Islam in France Islamic brutality Manfred Gerstenfeld

Dr.Manfred Gerstenfeld: France’s Superficial Skirmishes with Violent Muslims…….


This is a slightly extended version of the original that was originally published at the Begin-Sadat Center for Strategic Studies (BESA).


France’s Superficial Skirmishes with Violent Muslims

By Dr.Manfred Gerstenfeld

A public uproar followed. Macron and his government understood that swift action had to be taken. A government program was announced which consisted of dozens of raids and arrests of individuals, and the disbandment of a few Muslim associations with connections to radical Islam. One of these was the “Cheikh Yassine Collective,” named after the founder of the Hamas terror group. France’s interior minister, Gerard Darmanin, said that its president, Abdelhakim Sefrioui, apparently launched a fatwa against the teacher.1 Furthermore, the expulsion of a number of radical asylum seekers was announced.2


Other incidents followed. The main one was a terror attack on 29 October in a church in Nice. A Tunisian killed three people. 3Another strand of violence was when an Armenian memorial near Lyon was tagged with pro-Turkish slogans and inscriptions of the Grey Wolves names, an extreme Turkish organization.4 The French government thereupon banned the Grey Wolves.5


In the background, there was already at the time of the beheading of the teacher at least one more substantial reason for Macron to take significant action. The next presidential elections will take place in 2022. As matters stand now it seems that in the runoff the two contenders will be — as in the 2017 election — Macron and Marine Le Pen, leader of the populist rightist party the National Rally.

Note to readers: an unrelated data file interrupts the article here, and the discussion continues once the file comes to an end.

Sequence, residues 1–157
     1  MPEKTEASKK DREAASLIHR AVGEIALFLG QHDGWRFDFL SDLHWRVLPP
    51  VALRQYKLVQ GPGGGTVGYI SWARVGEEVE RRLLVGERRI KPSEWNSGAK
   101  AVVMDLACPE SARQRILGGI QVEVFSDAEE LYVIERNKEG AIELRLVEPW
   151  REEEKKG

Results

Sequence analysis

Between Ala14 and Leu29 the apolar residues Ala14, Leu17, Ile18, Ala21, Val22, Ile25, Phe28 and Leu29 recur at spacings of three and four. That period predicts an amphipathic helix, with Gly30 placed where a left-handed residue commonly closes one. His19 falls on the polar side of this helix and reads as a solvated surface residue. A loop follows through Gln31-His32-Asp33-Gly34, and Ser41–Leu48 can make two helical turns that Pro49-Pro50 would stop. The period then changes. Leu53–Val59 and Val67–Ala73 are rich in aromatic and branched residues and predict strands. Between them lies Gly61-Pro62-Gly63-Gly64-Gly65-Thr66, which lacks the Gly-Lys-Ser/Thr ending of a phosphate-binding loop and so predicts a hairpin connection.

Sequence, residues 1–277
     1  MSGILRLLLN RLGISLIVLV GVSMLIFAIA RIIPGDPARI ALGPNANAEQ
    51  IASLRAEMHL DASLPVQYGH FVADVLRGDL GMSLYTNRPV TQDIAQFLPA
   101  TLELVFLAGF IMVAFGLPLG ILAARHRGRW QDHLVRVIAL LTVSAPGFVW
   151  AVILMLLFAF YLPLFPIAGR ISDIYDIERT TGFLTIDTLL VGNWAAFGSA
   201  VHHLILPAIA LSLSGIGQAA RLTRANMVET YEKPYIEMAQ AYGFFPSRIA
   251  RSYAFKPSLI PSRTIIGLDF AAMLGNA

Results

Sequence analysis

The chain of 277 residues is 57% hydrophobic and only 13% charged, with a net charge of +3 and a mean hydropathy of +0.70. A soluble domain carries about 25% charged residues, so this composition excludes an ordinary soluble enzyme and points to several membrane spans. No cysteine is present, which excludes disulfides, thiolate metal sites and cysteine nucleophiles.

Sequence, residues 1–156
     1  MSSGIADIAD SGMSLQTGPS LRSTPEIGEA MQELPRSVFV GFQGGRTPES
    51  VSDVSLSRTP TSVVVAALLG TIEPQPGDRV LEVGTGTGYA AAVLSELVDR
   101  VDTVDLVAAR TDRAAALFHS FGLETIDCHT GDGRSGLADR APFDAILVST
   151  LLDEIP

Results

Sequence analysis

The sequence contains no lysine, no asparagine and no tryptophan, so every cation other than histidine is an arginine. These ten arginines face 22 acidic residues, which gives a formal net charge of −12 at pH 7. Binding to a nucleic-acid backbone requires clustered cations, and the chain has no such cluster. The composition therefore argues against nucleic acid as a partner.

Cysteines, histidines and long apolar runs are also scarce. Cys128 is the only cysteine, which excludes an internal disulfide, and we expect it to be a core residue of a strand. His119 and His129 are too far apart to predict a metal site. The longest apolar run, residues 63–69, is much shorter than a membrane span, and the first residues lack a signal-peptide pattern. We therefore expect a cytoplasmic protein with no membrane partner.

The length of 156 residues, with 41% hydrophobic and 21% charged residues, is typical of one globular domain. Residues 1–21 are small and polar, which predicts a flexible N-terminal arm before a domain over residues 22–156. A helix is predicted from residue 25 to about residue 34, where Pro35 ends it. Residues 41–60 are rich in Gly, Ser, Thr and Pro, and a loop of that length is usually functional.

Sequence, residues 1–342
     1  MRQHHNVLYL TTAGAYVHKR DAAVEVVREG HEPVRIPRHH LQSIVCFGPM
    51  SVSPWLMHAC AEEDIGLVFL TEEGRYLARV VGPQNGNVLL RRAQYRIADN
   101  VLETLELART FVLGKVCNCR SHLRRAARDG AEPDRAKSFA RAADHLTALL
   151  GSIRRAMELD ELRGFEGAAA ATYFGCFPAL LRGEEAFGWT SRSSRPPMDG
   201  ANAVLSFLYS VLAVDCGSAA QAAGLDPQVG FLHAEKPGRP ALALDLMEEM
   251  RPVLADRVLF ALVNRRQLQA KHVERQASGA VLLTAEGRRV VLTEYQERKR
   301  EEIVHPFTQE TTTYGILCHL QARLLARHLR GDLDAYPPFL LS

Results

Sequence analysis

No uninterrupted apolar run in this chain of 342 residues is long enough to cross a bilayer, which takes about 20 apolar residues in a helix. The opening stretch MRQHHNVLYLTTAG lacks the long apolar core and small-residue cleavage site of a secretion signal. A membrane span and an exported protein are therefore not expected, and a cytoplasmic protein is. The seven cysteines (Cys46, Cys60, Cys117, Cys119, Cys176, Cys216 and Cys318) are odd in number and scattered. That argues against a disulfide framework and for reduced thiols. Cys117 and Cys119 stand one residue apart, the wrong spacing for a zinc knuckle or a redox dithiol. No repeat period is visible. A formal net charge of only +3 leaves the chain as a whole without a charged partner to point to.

After the murder, Le Pen gave a press conference. She said that France needs wartime legislation to combat “an organized and already installed force.” Le Pen added that Macron had proposed an inadequate and anachronistic containment strategy while the situation called for a strategy of re-conquest.6


Macron was a star pupil of the French elite state academic establishment. He is far more intelligent and knowledgeable than Le Pen. Macron is also a much better debater as became very clear in the runoff debate during the 2017 elections. Yet in a future debate Le Pen will have a huge argument: there is a major threat to France’s fundamental values and society coming out of a significant part of the Muslim community living in the country. She may even drop the words “part.


The estimate frequently propagated about the number of Muslims in France is often 6%. That is most probably on the low side. In a debate, Le Pen can say: “You have talked a lot about the radical Muslim problem and you haven’t dealt with it structurally.” She can give many examples as the number of ghettos in France – almost entirely populated by Muslims. A 2004 report found that approximately 1.8 million people across France were living in places which were either “already ghettos or on the way to becoming them”.7 Not much progress to eliminate them has since been made. Authorities have difficulty entering these so-called “no go” areas. Any additional incident between now and the elections can be used by Le Pen to strengthen her case.